In the UK, both research and political debate around dis-ability and work are dominated by cross-sectional analyses which only give a snapshot at one time-point. Our previous research (Dickson et al, 2021) shows that this masks considerable dynamics in dis-ability status: whilst some disabled people have a permanent condition, the majority will have varying levels of impairment over time which may see them moving in and out of the workforce. The effect of dis-ability on employment also varies a lot by gender: disabled women are less likely to be employed than disabled men, or non-disabled men or women. Moreover, those from non-white ethnic groups are also less likely to be employed and are more likely to experience dis-ability. What is not known is the extent to which dis-ability dynamics differ by gender and ethnicity. Understanding this is critical for formulating policy responses that recognise the dynamic nature of dis-ability status and the extent to which certain individuals are impacted more than others by dis-ability onset and duration. This project will provide policymakers with firm evidence on the extent to which certain groups require different policies to address the impacts of dis-ability on labour market outcomes, helping to inform policy development.
The overall aim of the project is to work with national policymakers to inform policies to support individuals who experience dis-ability onset, taking into account the fact that individuals with different characteristics will experience different impacts of dis-ability which may require different policy responses.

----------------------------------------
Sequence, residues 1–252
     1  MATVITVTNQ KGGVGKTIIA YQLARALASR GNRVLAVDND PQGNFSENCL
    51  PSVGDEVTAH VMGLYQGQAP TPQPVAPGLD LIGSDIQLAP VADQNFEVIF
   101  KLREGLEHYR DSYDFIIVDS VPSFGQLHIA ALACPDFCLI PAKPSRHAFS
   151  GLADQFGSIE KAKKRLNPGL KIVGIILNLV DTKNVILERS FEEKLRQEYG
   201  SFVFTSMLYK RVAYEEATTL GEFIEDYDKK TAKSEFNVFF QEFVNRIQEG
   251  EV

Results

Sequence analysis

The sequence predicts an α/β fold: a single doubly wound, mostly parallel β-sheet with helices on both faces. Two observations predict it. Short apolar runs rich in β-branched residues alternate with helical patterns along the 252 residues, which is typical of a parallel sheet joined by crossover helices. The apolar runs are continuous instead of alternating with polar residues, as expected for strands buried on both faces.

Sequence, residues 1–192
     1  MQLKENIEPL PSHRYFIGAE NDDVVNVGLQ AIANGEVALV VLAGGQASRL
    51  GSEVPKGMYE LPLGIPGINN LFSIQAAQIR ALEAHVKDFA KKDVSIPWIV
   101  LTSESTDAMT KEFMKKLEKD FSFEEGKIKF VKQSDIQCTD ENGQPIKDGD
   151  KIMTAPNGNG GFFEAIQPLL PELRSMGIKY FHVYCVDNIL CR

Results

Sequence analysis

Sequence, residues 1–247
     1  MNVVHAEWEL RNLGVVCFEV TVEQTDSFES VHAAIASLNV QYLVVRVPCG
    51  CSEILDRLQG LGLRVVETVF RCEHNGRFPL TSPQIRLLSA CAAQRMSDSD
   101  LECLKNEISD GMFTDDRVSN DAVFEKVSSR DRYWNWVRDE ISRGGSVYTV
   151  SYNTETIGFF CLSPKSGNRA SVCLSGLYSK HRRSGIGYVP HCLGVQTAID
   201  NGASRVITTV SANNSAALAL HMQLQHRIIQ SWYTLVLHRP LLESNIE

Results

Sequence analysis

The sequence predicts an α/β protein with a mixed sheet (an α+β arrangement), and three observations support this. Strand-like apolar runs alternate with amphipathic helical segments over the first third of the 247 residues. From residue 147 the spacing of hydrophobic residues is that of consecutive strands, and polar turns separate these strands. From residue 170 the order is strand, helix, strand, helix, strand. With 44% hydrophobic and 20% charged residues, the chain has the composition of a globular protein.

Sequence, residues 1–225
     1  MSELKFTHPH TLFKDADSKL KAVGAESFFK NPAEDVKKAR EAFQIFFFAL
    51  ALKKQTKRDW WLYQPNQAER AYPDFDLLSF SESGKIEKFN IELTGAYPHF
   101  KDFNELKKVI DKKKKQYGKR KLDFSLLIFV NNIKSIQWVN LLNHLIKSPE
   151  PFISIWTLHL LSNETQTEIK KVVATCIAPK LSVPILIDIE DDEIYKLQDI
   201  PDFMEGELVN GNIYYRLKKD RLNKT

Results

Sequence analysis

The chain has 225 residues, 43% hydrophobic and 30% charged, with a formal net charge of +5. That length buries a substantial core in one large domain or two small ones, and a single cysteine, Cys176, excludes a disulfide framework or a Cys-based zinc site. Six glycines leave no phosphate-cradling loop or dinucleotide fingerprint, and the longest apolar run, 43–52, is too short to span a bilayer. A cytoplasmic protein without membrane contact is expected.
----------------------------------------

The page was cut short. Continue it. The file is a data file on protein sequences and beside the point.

• Assess how the dynamic effects of new onset dis-ability on work, wages and wellbeing differ by combinations of ethnicity and gender, using a dataset of 65,000 working-age British adults between 1991 and 2018.
• Formulate proposals to address the national policy challenge of closing the gap between the labour market and wellbeing outcomes of non-disabled and disabled adults.
• Engage in co-production of research with partners from the Office for National Statistics (ONS), and the Cabinet Office’s Equality Hub (COEH).
For most people who experience dis-ability it is not a permanent condition: impairment levels vary over time, and people move in and out of dis-ability status. Dis-ability onset and duration impact labour market and well-being outcomes and this project will examine whether these impacts differ for women and minority ethnic groups, requiring tailored policy responses.
|Effective start/end date||1/02/23 → 1/09/23|
In 2015, UN member states agreed to 17 global Sustainable Development Goals (SDGs) to end poverty, protect the planet and ensure prosperity for all. This project contributes towards the following SDG(s):